You Shouldn’t Have To Be A Bad Fundraiser If You Do Good Work

Our poor email inboxes! If you’ve ever donated to a political campaign, yours has probably been filling up with fundraising appeals from groups you hadn’t heard about before they sent you a note. Political organizations have bought and sold lists for years, but the now-expired Google and Facebook ad bans seem to have jump-started a growth strategy that’s annoying at best and counter-productive at worst.

Other bad email practices in abundance these days? Insane volume, spammy sender/subject line combinations, ridiculous donor-match rates, insincere asks…all signs of a churn-and-burn mentality. My latest Campaigns & Elections column runs through a bunch of these tactics and explains why they can hurt the fundraisers who use them — along with everyone else in the industry. My favorite part? A selection mad-lib subject lines from one of many abusers, lovingly chosen from the seventeen messages they sent over just three days.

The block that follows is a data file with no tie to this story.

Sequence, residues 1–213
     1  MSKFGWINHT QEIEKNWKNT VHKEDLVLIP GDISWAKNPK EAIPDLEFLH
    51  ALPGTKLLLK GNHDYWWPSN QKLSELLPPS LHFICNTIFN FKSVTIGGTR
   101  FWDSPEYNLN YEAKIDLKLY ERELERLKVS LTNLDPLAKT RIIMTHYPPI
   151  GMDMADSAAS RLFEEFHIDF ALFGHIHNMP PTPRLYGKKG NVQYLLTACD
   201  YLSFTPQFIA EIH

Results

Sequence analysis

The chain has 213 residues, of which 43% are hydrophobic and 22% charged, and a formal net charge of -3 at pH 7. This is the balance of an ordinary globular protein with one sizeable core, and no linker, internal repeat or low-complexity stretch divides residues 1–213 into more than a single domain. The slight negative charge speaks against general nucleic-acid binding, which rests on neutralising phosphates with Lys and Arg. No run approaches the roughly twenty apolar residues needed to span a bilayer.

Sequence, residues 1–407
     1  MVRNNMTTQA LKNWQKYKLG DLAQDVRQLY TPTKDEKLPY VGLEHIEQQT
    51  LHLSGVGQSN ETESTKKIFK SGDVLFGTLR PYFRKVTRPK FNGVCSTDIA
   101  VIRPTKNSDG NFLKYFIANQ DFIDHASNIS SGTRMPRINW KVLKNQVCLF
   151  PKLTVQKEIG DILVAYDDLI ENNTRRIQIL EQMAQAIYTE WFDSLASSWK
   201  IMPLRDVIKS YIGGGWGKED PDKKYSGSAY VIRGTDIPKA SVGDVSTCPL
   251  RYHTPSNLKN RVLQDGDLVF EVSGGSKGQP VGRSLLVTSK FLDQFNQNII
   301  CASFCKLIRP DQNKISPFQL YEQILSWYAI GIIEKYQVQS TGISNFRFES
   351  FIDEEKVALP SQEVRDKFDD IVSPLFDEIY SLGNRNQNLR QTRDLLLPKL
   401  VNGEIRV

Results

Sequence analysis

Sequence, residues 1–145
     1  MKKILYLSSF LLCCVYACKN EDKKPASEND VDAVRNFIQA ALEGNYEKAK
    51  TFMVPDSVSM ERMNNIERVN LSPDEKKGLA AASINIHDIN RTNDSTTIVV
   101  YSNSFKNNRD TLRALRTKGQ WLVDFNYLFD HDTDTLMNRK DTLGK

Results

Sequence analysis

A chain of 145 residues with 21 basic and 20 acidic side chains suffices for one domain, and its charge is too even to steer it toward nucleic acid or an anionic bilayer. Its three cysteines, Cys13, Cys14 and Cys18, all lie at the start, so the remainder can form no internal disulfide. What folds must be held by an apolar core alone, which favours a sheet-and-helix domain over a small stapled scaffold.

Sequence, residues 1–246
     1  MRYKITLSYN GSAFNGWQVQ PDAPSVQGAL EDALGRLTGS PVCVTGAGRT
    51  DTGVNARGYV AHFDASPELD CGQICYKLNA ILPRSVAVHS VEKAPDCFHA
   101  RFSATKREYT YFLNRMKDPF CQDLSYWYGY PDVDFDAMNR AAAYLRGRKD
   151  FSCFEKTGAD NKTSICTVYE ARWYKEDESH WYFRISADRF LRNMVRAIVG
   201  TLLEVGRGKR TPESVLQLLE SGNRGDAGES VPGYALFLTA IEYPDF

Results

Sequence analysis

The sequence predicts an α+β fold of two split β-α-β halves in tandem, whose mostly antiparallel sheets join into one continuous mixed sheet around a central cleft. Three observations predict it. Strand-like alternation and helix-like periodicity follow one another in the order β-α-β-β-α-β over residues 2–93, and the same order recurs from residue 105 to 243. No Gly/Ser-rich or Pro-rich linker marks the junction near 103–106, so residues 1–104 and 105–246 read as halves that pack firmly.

I’m most frustrated with groups that ought to know better, since if you do good work, you shouldn’t have to be a bad fundraiser. Check out the article for details and for alternatives to these and other bad email practices. Pro tip: if I learn about your campaign from my spam filter, that’s probably a bad sign.


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